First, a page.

#4The service sector rebounded in June. The headline index from the Institute for Supply Management’s Non-Manufacturing Report on Business added 3.6 points during June to a seasonally adjusted 56.5, putting the measure at its highest point since last November. The index has been above the expansion/contraction threshold of 50.0 for 77 straight months. All 4 index components improved from their May marks: new orders (+5.7 points to 59.9), business activity (+4.4 points to 59.5), employment (+3.0 points to 52.7), and supplier deliveries (+1.5 points to 54.0). 15 of 18 tracked service sector industries grew during the month; including, mining, arts/entertainment/recreation, and management of companies. The press release characterizes the results as being a “strong rebound” from May’s survey figures that it says reflected a one-month “cooling off.”

#5Consumer credit balances expanded again in May, but credit cards were not a major source of the increase. The Federal Reserve reports that outstanding consumer credit balances (net of all real estate-backed loans, including mortgages) were at a seasonally adjusted $3.624 trillion at the end of May, up $18.6 billion from April and 6.3% from a year earlier. The latter represented the smallest 12-month gain in consumer credit balances since March 2013. Revolving credit card balances expanded by only $2.4 billion to $953.3 billion (+5.4% vs. May 2015). Nonrevolving credit balances (e.g., auto loans, college loans) grew by $16.2 billion to $2.670 trillion (+6.6% vs. May 2015).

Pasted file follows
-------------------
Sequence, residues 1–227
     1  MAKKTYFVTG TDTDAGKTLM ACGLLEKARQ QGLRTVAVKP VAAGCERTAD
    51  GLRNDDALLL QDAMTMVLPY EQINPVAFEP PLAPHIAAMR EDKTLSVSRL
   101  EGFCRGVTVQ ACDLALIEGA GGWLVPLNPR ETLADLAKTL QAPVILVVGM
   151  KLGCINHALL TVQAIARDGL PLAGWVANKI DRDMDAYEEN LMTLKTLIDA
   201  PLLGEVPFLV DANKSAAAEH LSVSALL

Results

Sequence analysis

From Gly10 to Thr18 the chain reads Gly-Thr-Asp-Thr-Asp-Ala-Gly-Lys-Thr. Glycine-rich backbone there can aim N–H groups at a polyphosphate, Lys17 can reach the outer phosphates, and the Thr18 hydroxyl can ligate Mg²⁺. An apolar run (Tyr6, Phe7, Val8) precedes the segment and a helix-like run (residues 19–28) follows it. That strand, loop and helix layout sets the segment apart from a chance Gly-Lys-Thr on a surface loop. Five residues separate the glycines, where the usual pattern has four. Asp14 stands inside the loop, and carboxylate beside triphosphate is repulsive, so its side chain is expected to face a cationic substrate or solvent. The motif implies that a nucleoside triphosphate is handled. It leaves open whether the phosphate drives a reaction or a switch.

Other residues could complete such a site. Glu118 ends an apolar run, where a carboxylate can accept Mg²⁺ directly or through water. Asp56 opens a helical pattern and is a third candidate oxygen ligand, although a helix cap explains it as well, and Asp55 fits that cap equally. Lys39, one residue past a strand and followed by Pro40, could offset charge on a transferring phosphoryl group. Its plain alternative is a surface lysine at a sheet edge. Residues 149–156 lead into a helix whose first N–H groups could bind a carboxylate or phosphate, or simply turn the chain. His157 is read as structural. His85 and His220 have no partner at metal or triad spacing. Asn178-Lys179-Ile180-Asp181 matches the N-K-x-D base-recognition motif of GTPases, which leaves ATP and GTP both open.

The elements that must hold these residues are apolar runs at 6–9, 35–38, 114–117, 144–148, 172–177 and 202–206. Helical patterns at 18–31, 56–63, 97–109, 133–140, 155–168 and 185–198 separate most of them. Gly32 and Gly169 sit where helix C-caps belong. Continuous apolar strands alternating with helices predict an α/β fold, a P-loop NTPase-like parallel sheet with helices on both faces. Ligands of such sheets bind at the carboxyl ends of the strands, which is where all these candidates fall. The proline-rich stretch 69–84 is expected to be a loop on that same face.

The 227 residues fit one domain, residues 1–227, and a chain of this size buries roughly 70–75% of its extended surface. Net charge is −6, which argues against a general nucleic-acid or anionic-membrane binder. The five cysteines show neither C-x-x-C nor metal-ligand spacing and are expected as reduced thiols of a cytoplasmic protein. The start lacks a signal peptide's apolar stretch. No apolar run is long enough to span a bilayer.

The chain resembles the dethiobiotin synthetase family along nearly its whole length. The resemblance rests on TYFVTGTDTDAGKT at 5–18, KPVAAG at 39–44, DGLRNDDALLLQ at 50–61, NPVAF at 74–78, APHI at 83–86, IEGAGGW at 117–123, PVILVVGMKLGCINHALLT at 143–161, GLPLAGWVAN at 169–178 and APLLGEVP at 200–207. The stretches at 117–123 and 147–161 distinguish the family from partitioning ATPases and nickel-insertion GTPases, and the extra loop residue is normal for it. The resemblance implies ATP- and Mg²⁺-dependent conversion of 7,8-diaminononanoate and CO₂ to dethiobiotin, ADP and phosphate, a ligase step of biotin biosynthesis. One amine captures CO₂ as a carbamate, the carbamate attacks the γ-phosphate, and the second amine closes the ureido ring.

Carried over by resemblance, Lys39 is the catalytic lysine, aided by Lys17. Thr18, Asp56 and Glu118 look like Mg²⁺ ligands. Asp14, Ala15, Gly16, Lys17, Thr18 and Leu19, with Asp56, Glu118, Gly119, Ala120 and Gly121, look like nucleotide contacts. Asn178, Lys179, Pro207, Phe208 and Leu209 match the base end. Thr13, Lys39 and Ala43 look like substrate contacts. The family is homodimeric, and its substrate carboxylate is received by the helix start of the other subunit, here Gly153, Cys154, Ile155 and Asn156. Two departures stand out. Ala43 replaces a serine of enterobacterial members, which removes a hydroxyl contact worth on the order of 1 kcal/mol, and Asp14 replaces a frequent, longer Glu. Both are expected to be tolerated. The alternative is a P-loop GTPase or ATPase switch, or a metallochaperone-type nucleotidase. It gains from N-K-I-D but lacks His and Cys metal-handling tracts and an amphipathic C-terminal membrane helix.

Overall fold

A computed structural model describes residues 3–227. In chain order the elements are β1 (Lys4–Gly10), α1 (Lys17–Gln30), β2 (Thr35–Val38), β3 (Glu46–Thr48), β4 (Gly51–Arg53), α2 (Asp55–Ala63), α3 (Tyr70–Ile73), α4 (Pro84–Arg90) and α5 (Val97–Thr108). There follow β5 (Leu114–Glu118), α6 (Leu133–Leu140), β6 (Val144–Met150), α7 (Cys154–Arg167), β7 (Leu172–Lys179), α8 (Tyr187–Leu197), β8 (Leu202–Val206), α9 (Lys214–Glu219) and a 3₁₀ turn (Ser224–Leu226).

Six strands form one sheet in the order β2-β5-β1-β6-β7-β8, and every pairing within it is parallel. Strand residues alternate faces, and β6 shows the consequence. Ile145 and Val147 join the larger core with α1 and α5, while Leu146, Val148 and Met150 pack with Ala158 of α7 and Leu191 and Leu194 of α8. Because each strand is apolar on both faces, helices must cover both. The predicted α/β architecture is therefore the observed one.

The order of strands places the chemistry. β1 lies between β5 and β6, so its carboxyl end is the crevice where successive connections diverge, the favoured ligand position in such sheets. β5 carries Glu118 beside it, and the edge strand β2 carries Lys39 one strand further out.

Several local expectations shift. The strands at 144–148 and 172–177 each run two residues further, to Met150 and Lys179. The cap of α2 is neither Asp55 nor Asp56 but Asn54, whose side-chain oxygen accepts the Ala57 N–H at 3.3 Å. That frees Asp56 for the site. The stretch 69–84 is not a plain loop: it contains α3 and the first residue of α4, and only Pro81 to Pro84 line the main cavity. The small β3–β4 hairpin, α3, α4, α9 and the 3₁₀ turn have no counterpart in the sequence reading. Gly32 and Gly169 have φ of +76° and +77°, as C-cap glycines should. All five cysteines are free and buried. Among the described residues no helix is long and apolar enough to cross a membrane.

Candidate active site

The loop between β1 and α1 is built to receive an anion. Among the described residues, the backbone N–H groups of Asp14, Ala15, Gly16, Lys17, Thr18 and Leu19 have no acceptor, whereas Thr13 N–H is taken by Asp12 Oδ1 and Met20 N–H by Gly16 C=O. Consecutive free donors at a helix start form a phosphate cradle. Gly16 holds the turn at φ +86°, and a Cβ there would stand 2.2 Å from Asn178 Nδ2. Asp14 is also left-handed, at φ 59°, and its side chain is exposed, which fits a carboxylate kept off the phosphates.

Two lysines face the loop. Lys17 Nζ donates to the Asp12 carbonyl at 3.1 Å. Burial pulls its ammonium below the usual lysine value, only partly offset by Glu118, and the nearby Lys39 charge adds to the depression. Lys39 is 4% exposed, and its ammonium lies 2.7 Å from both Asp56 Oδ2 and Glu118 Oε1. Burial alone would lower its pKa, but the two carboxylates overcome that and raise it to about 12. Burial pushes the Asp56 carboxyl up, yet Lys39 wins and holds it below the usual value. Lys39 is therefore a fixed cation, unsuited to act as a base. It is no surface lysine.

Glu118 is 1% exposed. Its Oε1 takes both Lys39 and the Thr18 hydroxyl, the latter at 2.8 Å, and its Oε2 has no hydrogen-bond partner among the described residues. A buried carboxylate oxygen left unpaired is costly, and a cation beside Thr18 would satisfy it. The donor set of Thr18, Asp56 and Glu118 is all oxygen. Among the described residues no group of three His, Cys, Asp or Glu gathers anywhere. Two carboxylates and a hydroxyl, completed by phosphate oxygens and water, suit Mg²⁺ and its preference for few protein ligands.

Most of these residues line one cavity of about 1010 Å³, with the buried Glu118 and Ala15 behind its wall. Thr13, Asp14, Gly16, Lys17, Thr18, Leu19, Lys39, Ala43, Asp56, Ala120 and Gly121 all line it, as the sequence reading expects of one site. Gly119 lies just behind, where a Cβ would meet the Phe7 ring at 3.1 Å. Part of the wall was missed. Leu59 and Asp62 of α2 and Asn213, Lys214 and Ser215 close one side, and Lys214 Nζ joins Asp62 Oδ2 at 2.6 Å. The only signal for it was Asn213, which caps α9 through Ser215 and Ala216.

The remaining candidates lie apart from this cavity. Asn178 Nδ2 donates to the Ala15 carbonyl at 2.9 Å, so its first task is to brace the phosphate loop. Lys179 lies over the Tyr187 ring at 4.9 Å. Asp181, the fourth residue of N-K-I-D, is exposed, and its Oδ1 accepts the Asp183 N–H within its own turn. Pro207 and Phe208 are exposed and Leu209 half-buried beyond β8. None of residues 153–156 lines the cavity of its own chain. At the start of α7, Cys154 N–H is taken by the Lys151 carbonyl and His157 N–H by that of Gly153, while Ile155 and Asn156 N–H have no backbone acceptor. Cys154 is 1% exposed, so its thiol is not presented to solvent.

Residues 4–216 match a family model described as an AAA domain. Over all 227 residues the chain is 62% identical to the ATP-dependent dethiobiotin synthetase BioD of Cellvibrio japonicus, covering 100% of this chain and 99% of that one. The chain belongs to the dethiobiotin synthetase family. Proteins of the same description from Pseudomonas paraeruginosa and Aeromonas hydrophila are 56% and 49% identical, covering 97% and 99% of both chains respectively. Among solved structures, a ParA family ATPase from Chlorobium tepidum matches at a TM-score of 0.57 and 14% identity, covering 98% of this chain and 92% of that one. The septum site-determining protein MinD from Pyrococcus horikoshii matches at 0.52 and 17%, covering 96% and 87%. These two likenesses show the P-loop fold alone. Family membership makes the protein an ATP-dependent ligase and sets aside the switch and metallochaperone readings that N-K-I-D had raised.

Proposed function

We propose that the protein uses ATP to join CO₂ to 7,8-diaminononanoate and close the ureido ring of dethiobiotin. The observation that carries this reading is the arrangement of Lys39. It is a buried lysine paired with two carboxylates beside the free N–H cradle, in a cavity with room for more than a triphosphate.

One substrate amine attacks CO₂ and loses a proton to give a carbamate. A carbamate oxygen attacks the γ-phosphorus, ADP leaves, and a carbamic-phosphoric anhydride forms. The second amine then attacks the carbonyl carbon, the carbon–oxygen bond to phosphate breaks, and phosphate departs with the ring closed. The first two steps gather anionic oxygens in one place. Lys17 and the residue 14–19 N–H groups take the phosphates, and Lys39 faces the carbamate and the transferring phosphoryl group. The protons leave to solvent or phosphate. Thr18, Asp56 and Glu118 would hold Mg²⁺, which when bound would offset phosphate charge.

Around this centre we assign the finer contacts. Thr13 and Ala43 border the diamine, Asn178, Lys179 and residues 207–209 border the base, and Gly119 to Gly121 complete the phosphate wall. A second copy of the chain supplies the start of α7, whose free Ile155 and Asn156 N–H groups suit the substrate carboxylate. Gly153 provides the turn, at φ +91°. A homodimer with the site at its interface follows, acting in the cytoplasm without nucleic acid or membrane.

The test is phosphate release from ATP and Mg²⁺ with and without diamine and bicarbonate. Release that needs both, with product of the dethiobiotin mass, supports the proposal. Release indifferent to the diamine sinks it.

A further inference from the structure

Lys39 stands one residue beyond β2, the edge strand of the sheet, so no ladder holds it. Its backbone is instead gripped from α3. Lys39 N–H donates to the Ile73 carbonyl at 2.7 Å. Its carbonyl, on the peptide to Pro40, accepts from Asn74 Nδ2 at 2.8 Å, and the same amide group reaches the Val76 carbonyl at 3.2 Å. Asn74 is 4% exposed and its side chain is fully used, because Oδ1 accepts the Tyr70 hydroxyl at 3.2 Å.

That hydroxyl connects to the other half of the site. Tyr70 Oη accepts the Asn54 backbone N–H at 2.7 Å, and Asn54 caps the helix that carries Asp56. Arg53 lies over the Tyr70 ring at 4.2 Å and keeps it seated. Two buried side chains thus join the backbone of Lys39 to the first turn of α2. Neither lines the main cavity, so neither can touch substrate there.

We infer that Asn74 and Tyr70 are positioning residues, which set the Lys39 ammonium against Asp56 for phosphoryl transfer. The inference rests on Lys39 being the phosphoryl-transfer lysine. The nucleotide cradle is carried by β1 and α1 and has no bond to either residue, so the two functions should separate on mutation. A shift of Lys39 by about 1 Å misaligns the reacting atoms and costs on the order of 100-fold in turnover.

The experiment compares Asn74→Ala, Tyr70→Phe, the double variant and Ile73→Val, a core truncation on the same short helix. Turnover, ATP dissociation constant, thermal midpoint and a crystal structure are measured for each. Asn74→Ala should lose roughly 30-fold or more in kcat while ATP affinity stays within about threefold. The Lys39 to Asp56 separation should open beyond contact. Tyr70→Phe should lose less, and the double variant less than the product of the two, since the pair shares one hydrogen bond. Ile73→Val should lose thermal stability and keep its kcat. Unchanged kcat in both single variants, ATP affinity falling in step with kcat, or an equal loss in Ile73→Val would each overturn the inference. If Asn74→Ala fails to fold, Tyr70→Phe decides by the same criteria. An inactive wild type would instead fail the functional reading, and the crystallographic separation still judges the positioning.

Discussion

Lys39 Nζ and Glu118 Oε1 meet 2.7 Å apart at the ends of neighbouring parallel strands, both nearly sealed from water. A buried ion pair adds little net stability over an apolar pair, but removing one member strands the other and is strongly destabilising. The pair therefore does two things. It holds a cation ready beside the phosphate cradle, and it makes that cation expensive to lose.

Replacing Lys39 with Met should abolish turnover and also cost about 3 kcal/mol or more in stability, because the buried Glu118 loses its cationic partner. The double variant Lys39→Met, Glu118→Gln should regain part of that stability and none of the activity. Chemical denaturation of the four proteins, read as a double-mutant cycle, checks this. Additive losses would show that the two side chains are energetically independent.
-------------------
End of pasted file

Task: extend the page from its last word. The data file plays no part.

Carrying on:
Other data released over the past week that you might find of interest:
Jobless Claims (week ending July 2, 2016, First-Time Claims, seasonally adjusted): 254,000 (-16,000 vs. previous week; -37,000 vs. the same week a year earlier). 4-week moving average: 264,750 (-4.9% vs. the same week a year earlier).
FOMC meeting minutes

The opinions expressed here are not necessarily those of Kevin’s current and previous employers. No endorsements are implied.

Slightly Better Q1 GDP, Spending & Manufacturing Grow: What We Learned During the Week of June 27 – July 1

We get another small upward revision in Q1 GDP, we see that consumer spending grew in May, and we hear that June may have been a decent month for manufacturing. Here are the 5 things we learned from U.S. economic data released during the week ending July 1.